Calling Buzz Holling: An Exclusive Interview with the Father of Resilience Theory

Article excerpt

Nicola Ross You've written that "Novelty emerges from the interaction between opportunity and crisis." Can you explain what you mean by novelty?

Buzz Holling Novelty is something that is new, and something that emerges from invention. The reason that sentence links crisis and opportunity is because novelty typically emerges only from the sea of invention that exists when there is some sort of crisis that makes people seek new ways of doing things. Crisis to me is both creative and destructive. It destroys accumulated rigidities, but it is creative in the sense that it utilizes the creative capital for new opportunity.

Ross You say that we want rare transformations, not simple change. Is this something we can design for, or is this something that just happens?

Holling We see three kinds of change. One is very incremental and slow, very common and terribly important. The second is more disruptive. For example, in a business when there has been a saturation of markets, or in an ecosystem when a forest changes through some event like a forest fire. The third kind is transformation that is still deeper than the other two, and involves a change in the structure of relationships across scales. In a social system, you have a range of examples of societies that have collapsed. Take the Mayans, for example. They moved to a state of increasing rigidity and organization, such that when change was needed the structure made it impossible to do so. The politics and religious relationships prevented any exercise of actions that could transform that society in a constructive way. Contrast that to a transformation that moved the hunter-gatherer societies into agricultural and industrial [societies]. I think we are in the midst of another one. It may not he as great and deep a transformation as from hunting-and-gathering to agriculture, but it is a major economic, social and environmental transformation.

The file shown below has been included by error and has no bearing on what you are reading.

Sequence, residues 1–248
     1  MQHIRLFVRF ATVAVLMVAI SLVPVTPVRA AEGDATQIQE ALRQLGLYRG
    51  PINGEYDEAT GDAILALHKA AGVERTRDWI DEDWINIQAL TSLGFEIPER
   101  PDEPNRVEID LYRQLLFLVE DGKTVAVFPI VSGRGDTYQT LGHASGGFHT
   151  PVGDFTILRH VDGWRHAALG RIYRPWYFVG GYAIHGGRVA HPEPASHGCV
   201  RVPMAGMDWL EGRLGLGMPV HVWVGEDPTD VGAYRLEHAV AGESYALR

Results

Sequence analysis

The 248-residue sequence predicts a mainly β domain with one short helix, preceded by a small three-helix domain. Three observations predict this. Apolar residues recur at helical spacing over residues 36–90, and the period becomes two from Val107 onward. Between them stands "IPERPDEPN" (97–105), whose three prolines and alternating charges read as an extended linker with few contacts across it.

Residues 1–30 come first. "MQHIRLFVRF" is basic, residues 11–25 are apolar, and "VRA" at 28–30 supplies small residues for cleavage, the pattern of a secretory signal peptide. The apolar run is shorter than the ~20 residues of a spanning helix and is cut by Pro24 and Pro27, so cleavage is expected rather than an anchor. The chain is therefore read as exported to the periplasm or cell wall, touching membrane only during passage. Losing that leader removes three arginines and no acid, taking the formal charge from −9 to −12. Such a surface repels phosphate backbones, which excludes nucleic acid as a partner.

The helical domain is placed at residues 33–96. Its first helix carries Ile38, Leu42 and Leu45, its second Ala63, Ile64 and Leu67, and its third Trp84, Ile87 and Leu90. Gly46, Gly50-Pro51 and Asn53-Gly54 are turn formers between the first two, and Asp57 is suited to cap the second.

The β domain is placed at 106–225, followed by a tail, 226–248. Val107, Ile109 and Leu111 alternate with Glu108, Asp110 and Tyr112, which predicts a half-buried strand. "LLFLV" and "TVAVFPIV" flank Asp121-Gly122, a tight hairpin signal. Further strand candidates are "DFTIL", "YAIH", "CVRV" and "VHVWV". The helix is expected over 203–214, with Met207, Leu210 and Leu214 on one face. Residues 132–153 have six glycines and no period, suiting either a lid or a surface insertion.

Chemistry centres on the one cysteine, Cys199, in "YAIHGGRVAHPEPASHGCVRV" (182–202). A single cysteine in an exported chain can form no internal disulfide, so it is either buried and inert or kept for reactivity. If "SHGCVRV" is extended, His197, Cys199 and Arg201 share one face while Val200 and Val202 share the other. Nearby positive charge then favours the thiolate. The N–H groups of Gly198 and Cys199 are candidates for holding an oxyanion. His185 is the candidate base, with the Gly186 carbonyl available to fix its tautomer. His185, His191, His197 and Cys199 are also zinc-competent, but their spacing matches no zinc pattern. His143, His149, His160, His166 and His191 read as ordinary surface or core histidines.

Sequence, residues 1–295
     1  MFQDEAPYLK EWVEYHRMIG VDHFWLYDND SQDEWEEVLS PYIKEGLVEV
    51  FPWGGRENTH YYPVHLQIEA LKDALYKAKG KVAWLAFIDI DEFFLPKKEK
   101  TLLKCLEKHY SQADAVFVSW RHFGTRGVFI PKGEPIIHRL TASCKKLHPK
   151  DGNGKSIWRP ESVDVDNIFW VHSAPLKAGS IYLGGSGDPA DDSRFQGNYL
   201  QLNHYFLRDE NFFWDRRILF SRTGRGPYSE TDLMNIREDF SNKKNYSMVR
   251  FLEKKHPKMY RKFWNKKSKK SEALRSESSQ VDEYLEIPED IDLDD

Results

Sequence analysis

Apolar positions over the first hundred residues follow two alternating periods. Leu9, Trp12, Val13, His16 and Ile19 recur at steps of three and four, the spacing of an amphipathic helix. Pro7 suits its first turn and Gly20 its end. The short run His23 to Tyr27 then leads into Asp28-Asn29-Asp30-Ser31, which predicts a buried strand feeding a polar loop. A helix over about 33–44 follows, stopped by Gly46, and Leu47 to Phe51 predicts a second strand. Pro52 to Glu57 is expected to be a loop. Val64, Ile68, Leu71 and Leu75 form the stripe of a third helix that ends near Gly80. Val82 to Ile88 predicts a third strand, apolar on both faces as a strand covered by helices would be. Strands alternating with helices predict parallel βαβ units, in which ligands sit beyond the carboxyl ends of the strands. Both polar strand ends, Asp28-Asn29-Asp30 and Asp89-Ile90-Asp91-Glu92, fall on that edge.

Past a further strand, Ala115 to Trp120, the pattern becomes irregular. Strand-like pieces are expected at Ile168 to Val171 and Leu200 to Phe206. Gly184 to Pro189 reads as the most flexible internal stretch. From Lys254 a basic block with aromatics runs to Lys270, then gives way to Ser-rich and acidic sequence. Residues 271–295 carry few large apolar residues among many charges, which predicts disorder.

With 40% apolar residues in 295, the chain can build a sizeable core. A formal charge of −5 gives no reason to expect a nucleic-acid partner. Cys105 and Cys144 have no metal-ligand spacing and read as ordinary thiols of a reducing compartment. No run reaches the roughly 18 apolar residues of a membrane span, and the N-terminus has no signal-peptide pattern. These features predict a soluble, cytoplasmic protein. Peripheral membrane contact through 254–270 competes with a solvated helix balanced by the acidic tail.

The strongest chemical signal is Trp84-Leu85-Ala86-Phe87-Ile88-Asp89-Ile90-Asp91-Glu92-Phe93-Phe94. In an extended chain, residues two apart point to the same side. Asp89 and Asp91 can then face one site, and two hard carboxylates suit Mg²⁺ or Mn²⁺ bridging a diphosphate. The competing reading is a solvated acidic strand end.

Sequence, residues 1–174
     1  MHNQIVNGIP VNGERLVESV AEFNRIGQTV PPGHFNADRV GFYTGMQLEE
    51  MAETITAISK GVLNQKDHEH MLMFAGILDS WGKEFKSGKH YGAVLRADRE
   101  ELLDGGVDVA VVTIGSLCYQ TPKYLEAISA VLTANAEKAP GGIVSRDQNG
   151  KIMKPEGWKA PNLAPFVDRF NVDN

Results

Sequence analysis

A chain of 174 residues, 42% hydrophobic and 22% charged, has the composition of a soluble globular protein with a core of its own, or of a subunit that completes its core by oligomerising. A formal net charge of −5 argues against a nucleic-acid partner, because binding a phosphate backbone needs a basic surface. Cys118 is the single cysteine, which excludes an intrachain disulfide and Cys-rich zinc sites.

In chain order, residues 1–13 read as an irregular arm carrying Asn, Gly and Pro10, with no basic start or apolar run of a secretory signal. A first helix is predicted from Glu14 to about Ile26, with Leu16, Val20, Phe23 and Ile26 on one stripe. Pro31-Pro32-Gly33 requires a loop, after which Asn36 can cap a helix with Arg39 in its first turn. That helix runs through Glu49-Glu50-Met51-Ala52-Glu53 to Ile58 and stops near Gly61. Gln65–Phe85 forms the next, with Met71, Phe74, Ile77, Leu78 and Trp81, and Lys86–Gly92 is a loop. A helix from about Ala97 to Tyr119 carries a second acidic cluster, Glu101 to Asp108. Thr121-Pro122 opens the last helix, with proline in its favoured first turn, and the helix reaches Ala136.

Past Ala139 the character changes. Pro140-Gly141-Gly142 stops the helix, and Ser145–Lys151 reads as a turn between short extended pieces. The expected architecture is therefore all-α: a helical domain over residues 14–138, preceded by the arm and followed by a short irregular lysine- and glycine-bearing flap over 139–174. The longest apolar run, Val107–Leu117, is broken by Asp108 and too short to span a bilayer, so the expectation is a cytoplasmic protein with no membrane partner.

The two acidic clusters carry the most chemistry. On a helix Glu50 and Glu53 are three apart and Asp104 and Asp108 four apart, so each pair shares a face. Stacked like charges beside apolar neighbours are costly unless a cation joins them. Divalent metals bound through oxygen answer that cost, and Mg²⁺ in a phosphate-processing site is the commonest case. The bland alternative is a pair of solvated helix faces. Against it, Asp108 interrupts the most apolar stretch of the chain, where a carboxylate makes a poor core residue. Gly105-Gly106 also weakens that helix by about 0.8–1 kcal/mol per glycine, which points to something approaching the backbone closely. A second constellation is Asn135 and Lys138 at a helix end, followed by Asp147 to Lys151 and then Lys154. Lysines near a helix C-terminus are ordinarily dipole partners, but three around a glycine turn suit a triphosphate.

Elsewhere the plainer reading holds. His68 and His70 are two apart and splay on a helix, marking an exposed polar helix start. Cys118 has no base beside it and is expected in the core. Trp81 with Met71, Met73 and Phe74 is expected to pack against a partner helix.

We are headed in a direction of considerable unknown. That's the feature of this theory itself and its discoveries. There are things you know, there are things that you are uncertain about, and there are other things that arc simply unknown. When you move into a rare transformation, you are moving into a world of deep unknowns. You know some things you need to do, like control rigidities and stop them from inhibiting change; you know you have to protect the sources of knowledge you'll draw on. You will have to introduce experiments to test out ideas and inventions that are not incorporated in society yet, hut could be, and are needed to synergize for the next step of the transformation.

Remember, there is a human creature called the "explorer"--an individual who journeys into the unknown. An innovative scientist journeys into landscapes of the mind that are unknown. Nevertheless, there is a great resistance to transformative change, and there will be strong efforts in the existing power bases to prevent any transformative change.

Ross Is climate change an unknown unknown?

Holling I agree with that. We are in the midst of climate change right now. We are in a major transformation that is reflecting the way the world is linked across space through atmospheric processes, and the consequences that link oceans, land and atmosphere. It's truly moving our world into regimes of behaviour that we've never seen before, so that the natural systems, social systems, economic systems and ecological systems, have not adapted to what is emerging. Not having adapted, the consequences of climate change mean that the responses of the people, vegetation, and so forth, will be inherently unpredictable. The key is resilience.

Ross How effectively have we dealt with climate change so far?

Holling It has been quite ineffective, but it will become more effective as time progresses. The first step is to recognize that the climate is going to change. It's irreversible. It might change in one direction in one region, and another direction in another. …